Ohio's 18 members of the Electoral College - all pledged to vote for President Obama and Vice President Biden - meet at noon Monday at the Statehouse in Columbus to do their duty.
Lists of 18 electors were submitted by both political parties before the election. Since Obama won Ohio on Nov. 6 with 50.7 percent of the vote, the 18 people submitted by the Democrats will take their seats in the Ohio Senate chamber Monday.
The only relatively close ballot issue in Hamilton County in the Nov. 6 election - Issue 4, which sets Cincinnati city council terms at four years instead of two - picked up votes in the official vote count released this morning and passed easily.
President Obama, too, picked up votes and widened his lead over Republican Mitt Romney in Hamilton County.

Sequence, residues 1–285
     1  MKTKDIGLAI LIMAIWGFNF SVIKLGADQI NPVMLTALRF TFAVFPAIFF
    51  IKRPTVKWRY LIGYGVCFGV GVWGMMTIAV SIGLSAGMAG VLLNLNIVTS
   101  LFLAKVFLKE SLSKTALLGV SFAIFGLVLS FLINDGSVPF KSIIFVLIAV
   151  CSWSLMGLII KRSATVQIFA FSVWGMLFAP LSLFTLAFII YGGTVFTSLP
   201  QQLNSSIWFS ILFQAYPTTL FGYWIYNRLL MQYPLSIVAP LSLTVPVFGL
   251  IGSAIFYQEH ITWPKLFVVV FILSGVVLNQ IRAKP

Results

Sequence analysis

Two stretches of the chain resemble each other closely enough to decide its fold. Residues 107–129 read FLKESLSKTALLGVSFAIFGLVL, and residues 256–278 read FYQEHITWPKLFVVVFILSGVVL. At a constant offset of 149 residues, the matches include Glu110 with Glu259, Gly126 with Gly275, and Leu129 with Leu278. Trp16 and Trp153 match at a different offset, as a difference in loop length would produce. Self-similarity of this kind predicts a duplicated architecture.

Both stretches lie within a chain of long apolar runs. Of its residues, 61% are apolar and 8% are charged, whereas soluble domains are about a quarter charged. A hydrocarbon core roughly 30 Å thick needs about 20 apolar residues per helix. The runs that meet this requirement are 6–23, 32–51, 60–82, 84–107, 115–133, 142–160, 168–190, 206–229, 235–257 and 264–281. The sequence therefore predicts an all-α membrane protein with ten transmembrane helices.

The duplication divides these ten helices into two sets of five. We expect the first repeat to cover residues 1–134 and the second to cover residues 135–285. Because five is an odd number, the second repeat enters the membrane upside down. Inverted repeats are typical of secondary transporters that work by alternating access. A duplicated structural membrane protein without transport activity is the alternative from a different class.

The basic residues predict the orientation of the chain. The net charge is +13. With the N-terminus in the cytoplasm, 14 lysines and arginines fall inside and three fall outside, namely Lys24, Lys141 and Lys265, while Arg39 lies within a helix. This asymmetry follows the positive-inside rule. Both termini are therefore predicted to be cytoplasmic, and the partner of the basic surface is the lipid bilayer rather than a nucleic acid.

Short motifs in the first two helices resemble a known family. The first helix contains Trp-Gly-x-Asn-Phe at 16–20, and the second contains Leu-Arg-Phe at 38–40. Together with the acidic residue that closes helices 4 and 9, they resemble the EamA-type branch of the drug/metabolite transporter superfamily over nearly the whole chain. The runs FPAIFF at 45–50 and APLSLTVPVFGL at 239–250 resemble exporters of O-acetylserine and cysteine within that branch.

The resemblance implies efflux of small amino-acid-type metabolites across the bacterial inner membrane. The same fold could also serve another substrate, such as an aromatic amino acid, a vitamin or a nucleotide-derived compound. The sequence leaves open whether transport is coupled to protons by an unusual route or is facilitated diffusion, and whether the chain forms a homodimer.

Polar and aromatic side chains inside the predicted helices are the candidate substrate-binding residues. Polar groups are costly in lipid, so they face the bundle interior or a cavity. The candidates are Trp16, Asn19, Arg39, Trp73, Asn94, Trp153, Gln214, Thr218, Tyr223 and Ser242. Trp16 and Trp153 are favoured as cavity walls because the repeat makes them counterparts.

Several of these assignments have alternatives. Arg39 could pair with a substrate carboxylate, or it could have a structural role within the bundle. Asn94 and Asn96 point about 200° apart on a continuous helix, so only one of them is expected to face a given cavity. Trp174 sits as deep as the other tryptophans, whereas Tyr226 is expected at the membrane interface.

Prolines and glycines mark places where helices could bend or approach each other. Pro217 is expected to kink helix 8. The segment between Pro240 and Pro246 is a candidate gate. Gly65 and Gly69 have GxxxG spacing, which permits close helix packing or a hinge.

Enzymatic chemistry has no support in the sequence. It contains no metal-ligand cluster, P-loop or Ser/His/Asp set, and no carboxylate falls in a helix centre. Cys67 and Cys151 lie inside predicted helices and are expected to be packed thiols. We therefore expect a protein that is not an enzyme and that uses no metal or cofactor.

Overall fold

When all the provisional ballots and overseas and military ballots were added, Issue 4 passed with 51.4 percent of the vote. The unofficial election night total had the issue passing with 51 percent.
Ohio Democrats were feeling pretty good Wednesday morning, once the votes had been tallied Tuesday night.
They managed to edge out a win in the Buckeye State for President Obama – 50.18 percent of the unofficial vote count for Obama, 48.18 percent for Mitt Romney.
And they managed to get Ohio’s Democratic senator, Sherrod Brown, re-elected over Republican challenger Josh Mandel, despite an avalanche of Super PAC money blanketing the state with TV ads trying to tear Brown down.
Four years ago, politicos on both sides were stunned when the formerly rock-solid Hamilton County was won by Barack Obama by a margin of 29,683 votes, taking 54 percent of the county to 46 percent for GOP nominee John McCain.
This year, the GOP and the Romney-Ryan campaign rolled the dice on winning back Hamilton County, one of the handful of linchpin counties that can make or break a presidential campaign in Ohio.